Botswana’s top five commercial banks make up 83 percent of total customer loans and advances and 86 percent of total assets in the industry, according to the Managing Director of Allan Gray Phatsimo Ncube.
As at December 2021, Ncube says the top five all had capital adequacy ratios ranging from 15-21 percent, exceeding the minimum of 12.5 percent set by the Bank of Botswana. “This increases the likelihood of them being able to weather any near-term liquidity challenges,” she says in response to questions from The Business Weekly & Review. Market liquidity has been nosediving from 2021 to-date, triggering contraction of market Liquid Asset Requirement that plummetted from 19 percent to the current 15 percent, according to Ratang Molebatsi, Finance Director at Access Bank Botswana.
Liquid Asset Ratio minimum is 10 percent and the industry is currently well above that at about 15 percent. Allan Gray’s Ncube says there have been periods of higher excess liquid assets in the past, but this does not mean that the banks needed to hold that much additional capital. “Banks can also be less inclined to increase surplus liquidity in an environment where new credit extension is constrained by an outlook for reduced economic activity,” she says.
Although liquidity has significantly declined, Molebatsi views that the market has enough liquidity to fund any credit and funding needs in the market. “Therefore, we do not envisage any crisis,” she notes. “The Bank of Botswana also keeps a close eye on market liquidity developments.” The CFO of Standard Chartered, Tapiwa Butale, supports this: “We have been through the same previously and believe that we will get through this again,” Butale says. The general consensus regarding the health of the sector is that balance sheets, broadly speaking, are currently sufficiently robust to avert any crisis if any, threatens to break out.
Even though liquidity has been on a decline, the credit extended by commercial banks has been on an increase driven mainly by activity in the business sector. Commercial banks credit grew by 6.6 percent in the year to April 2022, higher than the 3 percent that was recorded during the same period in 2021. Economists at Econsult Botswana acknowledge that the domestic banking sector continues to demonstrate considerable resilience. Annual bank credit growth reached 6.6 percent in April 2022, up from 4.7 percent in January 2022, according to a Q2 report by the respected think tank.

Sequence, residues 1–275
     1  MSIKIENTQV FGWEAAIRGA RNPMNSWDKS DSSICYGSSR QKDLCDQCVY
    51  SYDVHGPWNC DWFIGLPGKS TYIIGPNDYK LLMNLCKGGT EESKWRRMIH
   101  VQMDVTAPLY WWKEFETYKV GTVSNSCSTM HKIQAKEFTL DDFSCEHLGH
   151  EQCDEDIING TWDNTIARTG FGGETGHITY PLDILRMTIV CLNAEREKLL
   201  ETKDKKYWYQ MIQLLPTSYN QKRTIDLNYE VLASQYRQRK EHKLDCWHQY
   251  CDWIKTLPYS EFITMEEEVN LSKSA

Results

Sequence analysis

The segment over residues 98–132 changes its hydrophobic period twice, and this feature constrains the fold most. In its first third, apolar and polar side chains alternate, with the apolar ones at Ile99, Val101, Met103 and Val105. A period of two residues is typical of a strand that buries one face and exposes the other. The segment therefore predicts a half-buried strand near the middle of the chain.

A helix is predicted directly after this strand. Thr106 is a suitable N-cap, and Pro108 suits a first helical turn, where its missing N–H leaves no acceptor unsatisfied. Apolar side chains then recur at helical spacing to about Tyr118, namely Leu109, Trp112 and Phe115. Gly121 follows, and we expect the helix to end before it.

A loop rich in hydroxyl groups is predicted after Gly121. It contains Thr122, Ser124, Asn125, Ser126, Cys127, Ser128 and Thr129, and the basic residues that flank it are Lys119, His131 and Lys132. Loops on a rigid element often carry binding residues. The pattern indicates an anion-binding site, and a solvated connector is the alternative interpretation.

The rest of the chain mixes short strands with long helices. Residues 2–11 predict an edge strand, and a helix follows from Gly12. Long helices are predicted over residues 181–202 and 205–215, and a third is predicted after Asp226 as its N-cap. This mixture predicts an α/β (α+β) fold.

As a reflection of improving economic activity, Sethunya Kegakgametse and Kitso Mokhurutshe found that credit to firms rose to 8.4 percent in the year to April 2022, its highest level since January 2019. But the two, who compiled the Econsult report, say this increase was partially offset by a decline in the growth rate of credit to households, which fell to 5.6 percent, its lowest level since mid-2017. “This could be indicative of growing uncertainties over consumer incomes as inflation continues to rise and adjustments that encourage saving are made to monetary policy,” they wrote, adding that March 2022 was the first time that the growth rate of credit to firms surpassed the growth rate of credit to households since February 2019.
As of May 2022, gross loans in the industry increased by 7 percent year-on-year; this from a low base, given the slower credit extension in 2020/2021 due to the COVID-19 pandemic. Given the current inflationary pressures and the tightening of monetary policy, Ncube cautions that credit extension may be muted going forward. In addition to the positive developments, Kegakgametse and Mokhurutshe noted that arrears on bank lending remained low by historical standards, although rising marginally from 5.2 percent in Q4 2021 to 5.4 percent in Q1 2022, “further emphasising the market’s resilience”. Banks’ profitability has also improved with net after tax rising 24.4 percent to P1.8 billion in 2021. Although Econsult report shows that the profitability has been coming down over time. Read story here: Behind the inexorable decline of banks’ profitability